Connect an Android device to a TV
CHRIS MARTIN reveals how to show off photos, videos and content from your Android phone on your TV
To connect an Android phone or tablet to a TV, you can use an MHL/SlimPort (via Micro-USB) or Micro-HDMI cable if supported, or wirelessly cast your screen using Miracast or Chromecast. Here we look at your options for viewing your phone or tablet’s screen on the TV.
Wirelessly connect Android to TV
There’s little to beat the wow factor associated with beaming video straight from a tablet to your TV. The good thing about Android is that there’s more than one way to do it. Miracast is a wireless standard that creates an ad-hoc network between two devices, typically your tablet and a set-top box that supports Miracast.
An increasing number of TVs support Miracast without the need for extra hardware. Miracast uses H.264 for video transmission, which means efficient compression and decent, full HD picture quality.
Better yet, Miracast supports Digital Rights Management (DRM), which means services such as iPlayer and YouTube can be streamed to a TV. Not all services work, though.
An alternative (and most user-friendly) is Google’s Chromecast. This inexpensive £30 ‘dongle’ plugs into
a spare HDMI port on your TV and connects to your wireless network. Chromecast support is burgeoning, which means content from services such as iPlayer, Netflix, BT Sport and others can be played with the Chromecast dongle doing all the legwork instead of your tablet, and that’s good news for battery life.
It’s possible to use Chromecast to mirror the display on your Android device, allowing you to hit play on a tablet and have (non DRM-protected) video start playing on your TV. The same goes for anything the screen can display, including apps, games and photos. You can also pick up the pricier Chromecast Ultra to stream 4K content, too.
HDMI (High Definition Multimedia Interface) is the interface standard du jour. If your TV was bought in the past decade it has an HDMI port, as does almost every set-top box, games console and a decent number of still and video cameras.
The benefit to HDMI, apart from its ubiquity (which means it’s cheap), is that it accommodates HD video and audio simultaneously, allowing you to connect devices without worrying about watching a film in full HD but having to make do with your tablet’s tinny speakers. An HDMI output is an advantage that many Android tablets have over Apple’s iPad.
HDMI plugs come in three sizes. Regular HDMI (or Type A, left) are the full-size ports you’ll find on devices where space isn’t an issue: think TVs, laptops and games consoles. The sockets you’re likely to find on tablets and phones will be either Type C (also
known as Mini HDMI, middle) or Type D (Micro HDMI, right). Of these, Micro HDMI, or Type D, is the smallest.
Whichever type of port your tablet has, connecting it to an HDMI socket isn’t going to cost you the Earth: expect to pay under £10 (under £5 in some cases) for an HDMI to Mini- or Micro-HDMI cable.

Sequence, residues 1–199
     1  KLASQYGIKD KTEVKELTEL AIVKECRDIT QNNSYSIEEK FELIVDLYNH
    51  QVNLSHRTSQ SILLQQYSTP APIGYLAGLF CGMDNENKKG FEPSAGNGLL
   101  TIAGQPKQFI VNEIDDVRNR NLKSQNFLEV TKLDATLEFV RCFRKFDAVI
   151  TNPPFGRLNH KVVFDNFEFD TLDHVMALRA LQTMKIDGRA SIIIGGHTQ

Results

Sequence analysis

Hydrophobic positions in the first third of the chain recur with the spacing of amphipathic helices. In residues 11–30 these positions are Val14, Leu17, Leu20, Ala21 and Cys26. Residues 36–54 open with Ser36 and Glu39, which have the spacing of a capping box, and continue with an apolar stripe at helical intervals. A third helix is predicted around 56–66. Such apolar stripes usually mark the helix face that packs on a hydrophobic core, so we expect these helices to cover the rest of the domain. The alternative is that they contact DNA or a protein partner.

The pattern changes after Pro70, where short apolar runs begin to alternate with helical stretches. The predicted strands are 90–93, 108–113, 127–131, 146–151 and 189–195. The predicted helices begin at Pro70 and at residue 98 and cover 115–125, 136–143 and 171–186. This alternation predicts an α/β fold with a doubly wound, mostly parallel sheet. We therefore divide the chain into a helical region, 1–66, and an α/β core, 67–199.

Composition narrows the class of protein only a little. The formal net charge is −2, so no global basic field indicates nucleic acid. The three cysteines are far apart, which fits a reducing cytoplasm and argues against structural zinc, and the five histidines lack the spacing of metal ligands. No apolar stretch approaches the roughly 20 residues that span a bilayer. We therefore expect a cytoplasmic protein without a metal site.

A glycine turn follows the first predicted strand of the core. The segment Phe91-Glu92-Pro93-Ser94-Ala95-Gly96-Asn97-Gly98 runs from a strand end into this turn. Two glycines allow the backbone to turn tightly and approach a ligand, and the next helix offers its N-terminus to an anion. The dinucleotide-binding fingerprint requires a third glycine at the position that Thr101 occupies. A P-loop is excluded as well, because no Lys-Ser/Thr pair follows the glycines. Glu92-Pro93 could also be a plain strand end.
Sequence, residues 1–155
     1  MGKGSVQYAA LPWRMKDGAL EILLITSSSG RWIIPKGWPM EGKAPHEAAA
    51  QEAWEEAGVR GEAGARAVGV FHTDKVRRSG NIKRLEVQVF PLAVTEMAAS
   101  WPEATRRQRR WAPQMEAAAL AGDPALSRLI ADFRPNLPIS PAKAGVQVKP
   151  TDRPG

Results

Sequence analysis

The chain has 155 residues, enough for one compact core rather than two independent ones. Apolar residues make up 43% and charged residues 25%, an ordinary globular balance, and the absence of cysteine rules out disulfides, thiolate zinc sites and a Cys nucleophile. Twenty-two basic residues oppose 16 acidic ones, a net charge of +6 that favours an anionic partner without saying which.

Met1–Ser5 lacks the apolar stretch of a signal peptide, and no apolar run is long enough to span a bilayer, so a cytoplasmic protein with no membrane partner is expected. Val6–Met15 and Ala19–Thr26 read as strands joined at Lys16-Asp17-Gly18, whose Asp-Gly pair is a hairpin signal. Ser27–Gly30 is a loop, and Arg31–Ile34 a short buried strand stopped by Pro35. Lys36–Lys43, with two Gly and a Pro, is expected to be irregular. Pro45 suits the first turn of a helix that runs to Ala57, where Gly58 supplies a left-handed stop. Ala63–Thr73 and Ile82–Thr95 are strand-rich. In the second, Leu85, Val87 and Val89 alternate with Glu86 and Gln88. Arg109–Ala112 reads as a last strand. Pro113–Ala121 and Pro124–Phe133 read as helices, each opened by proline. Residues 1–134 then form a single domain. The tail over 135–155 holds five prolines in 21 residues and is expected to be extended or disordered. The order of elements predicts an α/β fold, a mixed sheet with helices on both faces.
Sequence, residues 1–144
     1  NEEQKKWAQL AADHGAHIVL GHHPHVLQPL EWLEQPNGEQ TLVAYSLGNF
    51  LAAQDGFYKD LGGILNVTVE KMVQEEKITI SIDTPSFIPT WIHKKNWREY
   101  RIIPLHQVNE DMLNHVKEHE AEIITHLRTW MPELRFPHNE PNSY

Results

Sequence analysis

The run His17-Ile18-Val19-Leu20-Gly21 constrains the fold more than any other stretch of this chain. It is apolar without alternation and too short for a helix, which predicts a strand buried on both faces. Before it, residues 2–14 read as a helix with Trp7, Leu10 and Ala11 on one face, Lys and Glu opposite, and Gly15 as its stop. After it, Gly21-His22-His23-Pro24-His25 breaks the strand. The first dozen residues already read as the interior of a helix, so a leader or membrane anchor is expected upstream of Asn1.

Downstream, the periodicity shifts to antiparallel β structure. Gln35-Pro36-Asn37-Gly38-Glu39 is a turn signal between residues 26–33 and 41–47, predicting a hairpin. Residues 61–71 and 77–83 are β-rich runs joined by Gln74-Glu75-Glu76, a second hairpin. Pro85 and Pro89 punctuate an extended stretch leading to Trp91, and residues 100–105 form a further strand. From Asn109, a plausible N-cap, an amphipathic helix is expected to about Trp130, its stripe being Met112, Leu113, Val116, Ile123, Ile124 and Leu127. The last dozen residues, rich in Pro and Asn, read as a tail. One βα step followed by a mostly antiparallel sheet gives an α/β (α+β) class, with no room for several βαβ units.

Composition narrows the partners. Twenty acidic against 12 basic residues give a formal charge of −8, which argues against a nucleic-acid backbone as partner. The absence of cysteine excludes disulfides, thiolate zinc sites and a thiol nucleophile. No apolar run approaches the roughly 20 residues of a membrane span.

A range of tablets have either HDMI or its miniaturized variants. It’s the simplest approach.
MHL and SlimPort
HDMI is easy to understand: it’s a port that only does one thing. The drawback is that not all tablets have an HDMI output, and very few phones do. The good news is that a pair of widely-supported standards have emerged that allow Android owners to connect to external displays using their Micro-USB port.
The standards in question are MHL (Mobile High Definition Link) and the newer SlimPort. Both look the same, which is stating the obvious as they simply use the Micro-USB port on an Android device to deliver video.
Like HDMI, SlimPort and MHL support both video and audio, with up to eight channels of surround sound available. Both normally require breakout boxes: a small dongle between your device and TV that converts the signal from your phone to one compatible with HDMI.
Expect to pay between £5 and £25 for either a SlimPort or MHL signal converter. That makes things a little more expensive than using a tablet with an HDMI port, but MHL in particular is supported by a wide range of phone and tablet makers.
MHL has undergone various versions: we’re currently on version three, which improves the maximum resolution to 4K, though costs slightly more. This is the same as SlimPort, and means both standards offer pretty similar technical specs.
One advantage that MHL has is support from various TV manufacturers: look on the back of your TV, and if the HDMI port has an MHL logo above it, you can use an HDMI to Micro-USB cable to connect the two – the HDMI cable will pass power to your tablet or phone, meaning no need for extra adaptors or cables. Bonus.
If your TV doesn’t support MHL, or you have a SlimPort device, you’ll need an adaptor. SlimPort users should expect to pay around £15, while MHL users may spend slightly less. If you’re using MHL it’s likely you’ll need an external power source: MHL 3 can draw up to 10 watts from its host device.
With SlimPort no external power supply is needed (it draws a small amount of power from your device), making setup less cluttered. Both devices need a tablet’s screen to be on, though, so breakout boxes normally come with a Micro-USB port so a charger can be connected.
Support for MHL and SlimPort varies enormously. With three different versions of MHL available plus SlimPort, you’ll need to check the specifications of your device before buying an adaptor.